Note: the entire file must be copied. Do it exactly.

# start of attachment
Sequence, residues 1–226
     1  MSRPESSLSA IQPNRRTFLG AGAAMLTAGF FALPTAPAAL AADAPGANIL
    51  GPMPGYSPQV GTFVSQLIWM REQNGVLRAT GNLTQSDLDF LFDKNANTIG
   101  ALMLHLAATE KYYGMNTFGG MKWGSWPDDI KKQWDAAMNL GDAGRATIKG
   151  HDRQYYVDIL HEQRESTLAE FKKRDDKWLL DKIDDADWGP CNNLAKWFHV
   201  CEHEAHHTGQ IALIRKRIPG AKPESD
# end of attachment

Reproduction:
Sequence, residues 1–226
     1  MSRPESSLSA IQPNRRTFLG AGAAMLTAGF FALPTAPAAL AADAPGANIL
    51  GPMPGYSPQV GTFVSQLIWM REQNGVLRAT GNLTQSDLDF LFDKNANTIG
   101  ALMLHLAATE KYYGMNTFGG MKWGSWPDDI KKQWDAAMNL GDAGRATIKG
   151  HDRQYYVDIL HEQRESTLAE FKKRDDKWLL DKIDDADWGP CNNLAKWFHV
   201  CEHEAHHTGQ IALIRKRIPG AKPESD